The Last Unicorn.

And behold, the heavens did open and the walls did shake as, once again, at the top of my now considerably more powerful lungs I belted the words to that beloved song "In the distance hear the laughter of the LAST UNICORN! I'M ALIVE! I'M ALIIIIIIIIIIVE!!!" And behold, my mother did weep bitterly.

Anywho, I obviously now own that movie on DVD, (Special edition, Suckas!) and the day my now-husband agreed to watch it with me one Sunday afternoon was a defining point in our relationship. If you've ever wondered when it was that I knew he was the one for me, well folks, I'm pretty sure it was the moment he held me as we watched King Haggard's castle fall tumbling into the sea while hundreds of glittering unicorns came out of the water and rushed forth into the world again! (What can I say? My husband has the patience of a saint.)

But seriously, I know you've only read this far because you are waiting for that moral lesson to come out where I somehow tie this into something I learned in India and make it a microcosm for some big, philosophic idea in life. And don't worry, friends, I'm almost there.

Because you see, near the end when King Haggard has discovered the Lady Amalthea's true identity and the Redbull knows ("Molly, he knows! He knows!") that she is The Last Unicorn meant to be driven into captivity in the sea, there is this short scene with really bad dialogue (which matches the dialogue in the rest of the movie), in which Amalthea begs to stay human. "Don't let him change me!...Everything dies. I want to die when you die! I'm no unicorn, no magical creature! I'm human, and I love you....Lir, I will not love you when I'm a unicorn."And it sounds so familiar sometimes, doesn't it? "Please don't expect more of me! Don't ask me to do hard things, to be something greater than I am right now! Everybody gives up sometime; I want to give up too! I am happy as I am, and I'm afraid of wanting more."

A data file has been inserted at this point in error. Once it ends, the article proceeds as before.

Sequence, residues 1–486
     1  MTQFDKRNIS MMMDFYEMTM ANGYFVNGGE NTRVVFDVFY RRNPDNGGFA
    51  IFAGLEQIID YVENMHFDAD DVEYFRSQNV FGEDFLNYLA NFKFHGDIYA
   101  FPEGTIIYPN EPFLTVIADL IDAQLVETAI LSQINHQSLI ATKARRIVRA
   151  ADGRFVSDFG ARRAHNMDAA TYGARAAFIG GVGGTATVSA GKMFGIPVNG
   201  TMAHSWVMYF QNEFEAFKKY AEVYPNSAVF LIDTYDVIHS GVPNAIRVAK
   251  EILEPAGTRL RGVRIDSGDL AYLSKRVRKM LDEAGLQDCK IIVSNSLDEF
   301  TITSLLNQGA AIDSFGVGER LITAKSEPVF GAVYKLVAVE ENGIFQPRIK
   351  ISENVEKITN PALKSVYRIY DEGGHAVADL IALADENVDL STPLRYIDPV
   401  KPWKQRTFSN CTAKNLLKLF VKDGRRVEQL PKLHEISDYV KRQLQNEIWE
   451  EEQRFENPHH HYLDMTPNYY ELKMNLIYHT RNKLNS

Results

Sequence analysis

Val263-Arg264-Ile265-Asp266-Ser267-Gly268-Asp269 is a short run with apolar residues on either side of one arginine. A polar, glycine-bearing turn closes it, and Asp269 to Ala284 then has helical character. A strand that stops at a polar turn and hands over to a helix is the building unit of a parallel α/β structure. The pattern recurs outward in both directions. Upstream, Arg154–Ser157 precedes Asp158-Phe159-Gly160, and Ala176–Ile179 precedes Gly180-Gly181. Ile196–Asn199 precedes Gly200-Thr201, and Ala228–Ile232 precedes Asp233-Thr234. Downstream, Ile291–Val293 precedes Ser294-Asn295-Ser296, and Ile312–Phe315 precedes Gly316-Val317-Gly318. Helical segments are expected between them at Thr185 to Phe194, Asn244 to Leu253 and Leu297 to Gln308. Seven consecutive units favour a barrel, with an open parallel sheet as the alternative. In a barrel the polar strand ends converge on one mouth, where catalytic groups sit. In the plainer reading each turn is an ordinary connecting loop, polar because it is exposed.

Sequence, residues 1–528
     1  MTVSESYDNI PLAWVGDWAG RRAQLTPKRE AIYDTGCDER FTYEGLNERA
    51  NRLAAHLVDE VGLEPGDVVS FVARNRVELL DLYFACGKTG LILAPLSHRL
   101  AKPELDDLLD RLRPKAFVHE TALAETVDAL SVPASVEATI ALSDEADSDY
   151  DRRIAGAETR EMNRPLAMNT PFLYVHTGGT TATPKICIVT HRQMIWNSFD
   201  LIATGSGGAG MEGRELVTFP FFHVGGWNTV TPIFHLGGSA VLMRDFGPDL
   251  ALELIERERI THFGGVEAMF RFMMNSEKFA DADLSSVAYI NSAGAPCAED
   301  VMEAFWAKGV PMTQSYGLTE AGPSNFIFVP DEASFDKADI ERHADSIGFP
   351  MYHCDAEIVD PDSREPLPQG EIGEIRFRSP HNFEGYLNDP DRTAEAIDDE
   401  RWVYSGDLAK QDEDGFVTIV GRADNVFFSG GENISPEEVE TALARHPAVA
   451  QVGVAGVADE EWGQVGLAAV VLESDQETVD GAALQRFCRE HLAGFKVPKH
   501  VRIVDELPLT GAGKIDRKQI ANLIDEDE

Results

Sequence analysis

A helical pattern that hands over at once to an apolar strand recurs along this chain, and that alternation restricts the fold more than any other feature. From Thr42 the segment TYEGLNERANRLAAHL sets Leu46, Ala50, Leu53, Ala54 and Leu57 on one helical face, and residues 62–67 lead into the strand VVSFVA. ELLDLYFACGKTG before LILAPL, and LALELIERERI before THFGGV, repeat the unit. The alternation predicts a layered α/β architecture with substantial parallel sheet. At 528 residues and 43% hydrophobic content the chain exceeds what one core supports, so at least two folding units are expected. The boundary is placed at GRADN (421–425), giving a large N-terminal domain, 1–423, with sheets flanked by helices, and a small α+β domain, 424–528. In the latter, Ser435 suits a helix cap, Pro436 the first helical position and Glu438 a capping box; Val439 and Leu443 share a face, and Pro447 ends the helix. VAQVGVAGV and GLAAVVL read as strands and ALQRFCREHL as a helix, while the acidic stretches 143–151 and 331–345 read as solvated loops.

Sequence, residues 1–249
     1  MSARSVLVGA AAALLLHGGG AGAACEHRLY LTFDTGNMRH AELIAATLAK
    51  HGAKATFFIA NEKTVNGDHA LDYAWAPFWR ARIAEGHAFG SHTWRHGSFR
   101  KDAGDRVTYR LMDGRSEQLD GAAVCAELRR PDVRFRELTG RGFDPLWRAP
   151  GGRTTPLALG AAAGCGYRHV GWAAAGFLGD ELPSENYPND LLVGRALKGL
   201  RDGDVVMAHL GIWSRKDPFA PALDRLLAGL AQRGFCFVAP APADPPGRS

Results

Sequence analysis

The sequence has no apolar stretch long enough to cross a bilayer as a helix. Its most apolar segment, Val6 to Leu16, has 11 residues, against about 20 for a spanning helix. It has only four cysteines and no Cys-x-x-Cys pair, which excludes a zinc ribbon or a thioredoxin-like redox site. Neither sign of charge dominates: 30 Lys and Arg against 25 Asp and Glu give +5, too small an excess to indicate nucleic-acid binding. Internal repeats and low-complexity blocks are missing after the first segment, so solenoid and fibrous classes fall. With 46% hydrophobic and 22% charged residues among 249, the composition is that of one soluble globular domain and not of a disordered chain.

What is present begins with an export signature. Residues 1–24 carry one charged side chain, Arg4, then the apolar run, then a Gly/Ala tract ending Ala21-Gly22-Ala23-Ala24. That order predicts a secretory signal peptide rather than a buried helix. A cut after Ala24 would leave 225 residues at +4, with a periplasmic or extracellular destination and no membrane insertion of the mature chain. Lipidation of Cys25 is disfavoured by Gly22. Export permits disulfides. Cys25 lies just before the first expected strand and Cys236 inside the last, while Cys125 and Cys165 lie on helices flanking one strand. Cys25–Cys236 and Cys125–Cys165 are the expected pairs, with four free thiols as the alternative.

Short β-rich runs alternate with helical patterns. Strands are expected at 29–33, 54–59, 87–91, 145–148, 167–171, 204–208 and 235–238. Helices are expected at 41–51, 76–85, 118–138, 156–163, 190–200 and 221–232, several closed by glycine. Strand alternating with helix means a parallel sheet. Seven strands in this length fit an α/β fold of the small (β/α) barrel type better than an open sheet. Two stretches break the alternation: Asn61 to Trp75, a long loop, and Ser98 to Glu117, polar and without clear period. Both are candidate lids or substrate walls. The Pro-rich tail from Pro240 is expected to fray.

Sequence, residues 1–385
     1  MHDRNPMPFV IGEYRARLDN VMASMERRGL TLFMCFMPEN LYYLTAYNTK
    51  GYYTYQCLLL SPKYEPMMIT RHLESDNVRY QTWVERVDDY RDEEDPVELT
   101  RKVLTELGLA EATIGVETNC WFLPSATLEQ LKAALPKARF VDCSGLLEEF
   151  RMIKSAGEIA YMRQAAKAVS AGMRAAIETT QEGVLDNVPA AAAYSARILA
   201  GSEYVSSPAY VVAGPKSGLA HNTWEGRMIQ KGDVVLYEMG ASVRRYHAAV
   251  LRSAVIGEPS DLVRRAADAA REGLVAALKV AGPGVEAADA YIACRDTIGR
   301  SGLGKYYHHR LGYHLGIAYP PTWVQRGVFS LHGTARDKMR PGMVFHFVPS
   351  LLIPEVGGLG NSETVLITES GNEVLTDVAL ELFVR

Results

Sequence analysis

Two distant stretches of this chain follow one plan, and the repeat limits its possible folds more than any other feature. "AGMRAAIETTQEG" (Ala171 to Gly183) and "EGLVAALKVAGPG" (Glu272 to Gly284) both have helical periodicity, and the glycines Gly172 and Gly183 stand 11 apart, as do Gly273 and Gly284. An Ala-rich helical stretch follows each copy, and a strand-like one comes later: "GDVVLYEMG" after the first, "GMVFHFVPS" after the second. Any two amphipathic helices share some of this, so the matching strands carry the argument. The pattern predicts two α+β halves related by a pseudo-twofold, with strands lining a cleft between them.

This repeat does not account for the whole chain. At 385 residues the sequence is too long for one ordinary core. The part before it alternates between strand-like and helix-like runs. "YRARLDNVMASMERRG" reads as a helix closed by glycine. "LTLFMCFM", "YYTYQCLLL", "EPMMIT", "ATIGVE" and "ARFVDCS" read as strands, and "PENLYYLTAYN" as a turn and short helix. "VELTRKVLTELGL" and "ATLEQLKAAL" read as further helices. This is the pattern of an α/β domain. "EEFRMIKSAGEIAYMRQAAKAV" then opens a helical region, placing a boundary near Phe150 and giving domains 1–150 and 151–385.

No, this isn't about choosing career over love or never making compromises or the inevitability of death. It's about being afraid to accept your true potential because if you do, then it means you are capable of more than you are doing right now. It means you have no excuse for not doing great things. It means you'll have to make sacrifices and be brave and face up to your biggest fear. It means you'll have to turn around, look the Redbull in the eye, and fight back.

It means you have to apply to grad school again.

"She will remember your heart when men are fairy tales in books written by rabbits. Of all unicorns, she is the only one who knows what regret it - and love."

Tuesday, October 26, 2010

Between Sleep

I wake up before the dawn, and roll over into lumpy warmth and comfort. It smells like a boy, but I mind less and less. It grumbles and chuckles when I poke it awake. And then it opens bright blue eyes, and the day begins again.

How odd to hear his shaver as I run my morning shower. How strange to step over his cast-off pajamas on my way to plug in my curling iron. He leaves before I do, and though I should be in the bedroom getting ready for the day, I can't help standing with him in the hall as he chooses his shoes, closes his jacket, and heaves his bag over his shoulders. I'll see him again in a few hours, but still. I don't want to waste any of the precious morning minutes together.